|Publication number||US5748920 A|
|Application number||US 08/536,689|
|Publication date||May 5, 1998|
|Filing date||Sep 29, 1995|
|Priority date||Jun 23, 1995|
|Publication number||08536689, 536689, US 5748920 A, US 5748920A, US-A-5748920, US5748920 A, US5748920A|
|Inventors||Karl Scott Mills, Lauren Emory Linstad, Sherwood Brannon, Mark Emil Bonnelycke, Richard Charles Andrew Owen|
|Original Assignee||Cirrus Logic, Inc.|
|Export Citation||BiBTeX, EndNote, RefMan|
|Patent Citations (5), Referenced by (11), Classifications (4), Legal Events (8)|
|External Links: USPTO, USPTO Assignment, Espacenet|
This application claims benefit of U.S. Provisional application Ser. No. 60/000,492 filed Jun. 23, 1995.
1. Field of the Invention
The present invention relates to computer systems, and more particularly, to the efficient transfer of data from a host bus to an internal processor bus in a computer system.
2. Description of the Related Art
The PCI bus utilizes address/data multiplexing and zero wait state burst capability to achieve high throughput across a compact interface. The address and data are multiplexed on a 32-bit path, and the command information (read, write, memory, I/O, configuration, etc.) is multiplexed with the byte enables on a 4-bit path. An unlimited amount of data can be bursted, with new data and byte enable information being presented on each clock cycle.
A graphics controller is composed of several separate modules that require access to the PCI bus. In particular controllers, these modules all run on a 62.5 MHz internal system clock, as opposed to the 33 MHz PCI bus clock. Some of the modules require burst data, while others require single transactions. The challenge is to synchronize the transactions across the two clock domains, and at the same time allow zero wait state performance on the PCI bus for both single and burst transactions, all while making efficient use of the temporary storage at the interface so as to minimize the on chip interface storage capacity required.
One conventional approach to this problem is the utilization of an interface circuit utilizing two First In First Out (FIFO) buffers; one for receiving data, and the other for receiving corresponding addresses and commands, as shown in FIG. 1. This conventional interface circuit requires separate address and data FIFOs, and additional multiplexer logic. Such an approach is inefficient because extra storage space is required when separate address and data FIFOS are needed. In addition, the requirement of more complex logic for multiplexing and demultiplexing operations also adds to the requirement of additional storage space. Furthermore, certain types of data, such as burst data, do not utilize address identification. Thus, in an interface circuit which accommodates burst data, there is no need for the use of separate address and data FIFOS.
An alternate scheme that is more complex and requires more hardware is illustrated in FIG. 2. This alternate scheme utilizes a FIFO to accommodate address and data information, command and byte enable information and select information. It divides the bursts into single transactions, which must be stored in a deep FIFO, such as a 10 entry and 40-bit wide FIFO as shown. However, this approach is also inefficient because it is limited to the transfer of single transactions. In addition, it is also inefficient because for every transaction, an address must be followed by the associated data, resulting in inefficient use of the FIFO.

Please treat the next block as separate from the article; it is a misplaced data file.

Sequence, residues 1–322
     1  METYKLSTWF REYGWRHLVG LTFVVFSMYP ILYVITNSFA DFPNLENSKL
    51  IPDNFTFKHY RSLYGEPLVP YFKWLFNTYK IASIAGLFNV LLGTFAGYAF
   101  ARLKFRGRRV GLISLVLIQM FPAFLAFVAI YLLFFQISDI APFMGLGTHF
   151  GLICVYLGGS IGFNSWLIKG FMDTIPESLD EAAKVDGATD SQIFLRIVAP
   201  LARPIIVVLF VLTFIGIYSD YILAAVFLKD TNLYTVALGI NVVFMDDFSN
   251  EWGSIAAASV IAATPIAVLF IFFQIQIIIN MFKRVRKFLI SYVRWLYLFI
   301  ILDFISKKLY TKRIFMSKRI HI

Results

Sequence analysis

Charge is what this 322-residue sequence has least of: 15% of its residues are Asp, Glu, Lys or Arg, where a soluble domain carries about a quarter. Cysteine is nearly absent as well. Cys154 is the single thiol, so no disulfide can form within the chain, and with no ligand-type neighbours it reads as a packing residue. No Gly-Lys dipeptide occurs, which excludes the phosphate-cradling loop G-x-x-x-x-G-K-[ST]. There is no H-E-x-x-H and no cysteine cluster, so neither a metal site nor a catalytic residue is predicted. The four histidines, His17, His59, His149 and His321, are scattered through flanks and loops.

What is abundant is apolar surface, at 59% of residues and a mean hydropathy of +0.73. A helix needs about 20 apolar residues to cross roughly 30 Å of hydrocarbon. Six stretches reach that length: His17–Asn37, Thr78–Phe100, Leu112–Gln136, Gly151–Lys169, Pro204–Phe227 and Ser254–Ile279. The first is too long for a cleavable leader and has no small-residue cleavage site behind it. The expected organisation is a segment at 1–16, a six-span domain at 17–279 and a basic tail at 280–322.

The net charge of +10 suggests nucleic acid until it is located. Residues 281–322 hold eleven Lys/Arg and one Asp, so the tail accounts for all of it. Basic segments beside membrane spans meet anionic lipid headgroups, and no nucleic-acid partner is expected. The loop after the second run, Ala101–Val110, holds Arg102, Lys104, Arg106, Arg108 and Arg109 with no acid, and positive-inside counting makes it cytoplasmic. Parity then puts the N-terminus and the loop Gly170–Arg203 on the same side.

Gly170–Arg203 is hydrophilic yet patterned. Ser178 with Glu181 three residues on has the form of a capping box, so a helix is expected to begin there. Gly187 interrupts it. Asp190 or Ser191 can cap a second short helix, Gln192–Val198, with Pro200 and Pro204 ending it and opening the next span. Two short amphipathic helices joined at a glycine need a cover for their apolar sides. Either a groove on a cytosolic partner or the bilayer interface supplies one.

Accordingly, there is a need in the technology for a method and apparatus for transferring data from a host bus to a bus within the processor which facilitates the efficient transfer of either burst or non burst transactions and which also facilitates the operation of the processor at optimal speed.
A transaction queue for transferring data between a host bus and an internal system bus within a graphics controller is disclosed. The queue comprises a First In First Out (FIFO) memory having independent clocks for reading and writing. The queue accommodates address information, data, command information, byte enable information, decode information, and a tag. The tag is a 2 bit field used to identify the queued entries as address, last data, and burst data. In a preferred embodiment, single transactions are written to the queue with no wait states. In the case of an address entry, the address associated with the transaction is stored in the queue along with the command and decode information. A tag is also included that identifies the entry as an address. In the case of a final data entry, the data is stored in the next entry along with the byte enable information and a tag to indicate it is the last data of the transaction. In the case of a burst, the address entry is followed by multiple data entries that are each tagged as burst data. The final data entry of the burst will be tagged as the last data of the transaction in the same way as the data of a single transaction.
FIG. 1 is a block diagram of a conventional transaction queue circuit.